Who can manage a community solar project and offer ownership or subscription interests? A project manager, which can be an electric company or an independent third party, will be responsible for managing the operation of the community solar project.  If the project manager is an independent third party, it will also be responsible for communicating with the electric company that buys electricity from the project.  A project manger may offer consumers ownership in or subscriptions to a community solar project.

Is there a minimum or maximum system size? A community solar project must have at least one solar photovoltaic energy system with a minimum generating capacity of 25 kilowatts.  The law does not, however, impose a maximum project size.

How much electricity can a consumer own or subscribe to? The project manager can offer, and a consumer can own or subscribe to, any amount of electricity that does not exceed the owner’s or subscriber’s average annual consumption of electricity.

How will consumers receive credit on their electric bill for their share of electricity generated by the solar project? Unless the Commission decides for good cause to use an alternative crediting mechanism, owners and subscribers will receive credit on their bills in a manner that reflects the resource value of solar energy.  The law requires the Commission to determine the meaning of the phrase “resource value of solar energy,” which is a topic that the Commission is considering in its UM 1716 docket.

What happens to the electricity generated by a community solar project developed by an independent third party? As part of the community solar program to be established by the Commission, the electricity would be sold to an electric company under a 20-year power purchase agreement (PPA).

Who owns the renewable energy credits (RECs)? Owners and subscribers own all RECs that are associated with the electricity generated by a community solar project.  The RECs are allocated to each owner or subscriber in proportion to the owner’s proportional ownership in, or the subscriber’s proportional subscription to, the project.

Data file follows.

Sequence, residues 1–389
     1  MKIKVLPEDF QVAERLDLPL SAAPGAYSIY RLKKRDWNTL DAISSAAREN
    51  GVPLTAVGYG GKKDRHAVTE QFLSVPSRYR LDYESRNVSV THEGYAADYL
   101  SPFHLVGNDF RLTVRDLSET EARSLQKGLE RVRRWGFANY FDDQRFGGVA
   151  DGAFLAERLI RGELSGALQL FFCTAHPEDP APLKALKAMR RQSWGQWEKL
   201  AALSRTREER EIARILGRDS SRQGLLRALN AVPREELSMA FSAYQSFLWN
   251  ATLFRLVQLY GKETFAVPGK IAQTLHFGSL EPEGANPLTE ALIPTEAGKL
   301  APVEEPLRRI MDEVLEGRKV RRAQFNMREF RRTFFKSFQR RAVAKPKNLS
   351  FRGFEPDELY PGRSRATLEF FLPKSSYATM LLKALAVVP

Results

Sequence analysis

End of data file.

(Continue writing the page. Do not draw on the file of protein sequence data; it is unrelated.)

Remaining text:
Who bears the costs and benefits of building, owning, and operating the community solar project? In general, owners and subscribers bear the cost and benefits of the community solar project.  Costs incurred by an electric company under a PPA are recoverable in the electric company’s rates, and funds collected pursuant to those rates may be transferred to the project manager for purposes of operating the project.

Will community solar projects provide benefits to low income residential customers? Yes.  SB 1547 directs the Commission to determine a methodology by which low-income residential customers will receive 10 percent of the generating capacity of the community solar projects operated under the program.  (The Commission is authorized to review and adjust the percentage periodically.)  The new law also provides that any value associated with the generation of electricity that exceeds an offer to own or subscribe to a project must be used by the electric company procuring electricity from the project in support of the electric company’s low-income residential customers.

Is SB 1547 Complete and Self Executing? No.  The new law leaves many questions unanswered, and the Commission will soon open a docket to create the program.  Here are a few topics that may be considered as part of that docket:

  • If the community solar project is owned by an electric company, it will presumably serve that utility’s owners and subscribers. But if an independent third party develops a community solar project, do all the owners and subscribers for that project need to be customers of the same electric company, or could there be a mix? For example, in the case of a 20 MW project, could the owners or subscribers for 10 MW of the project be the customers of one electric company, while customers of another electric company own or subscribe to the remaining 10 MW? If a mix is allowed, could each electric company enter into a “slice” PPA for a portion of the project’s output?
  • Could part of a project be certified as community solar while another part is used for sales to a utility in response to a request for proposals, qualifying facility, or bilateral PPA?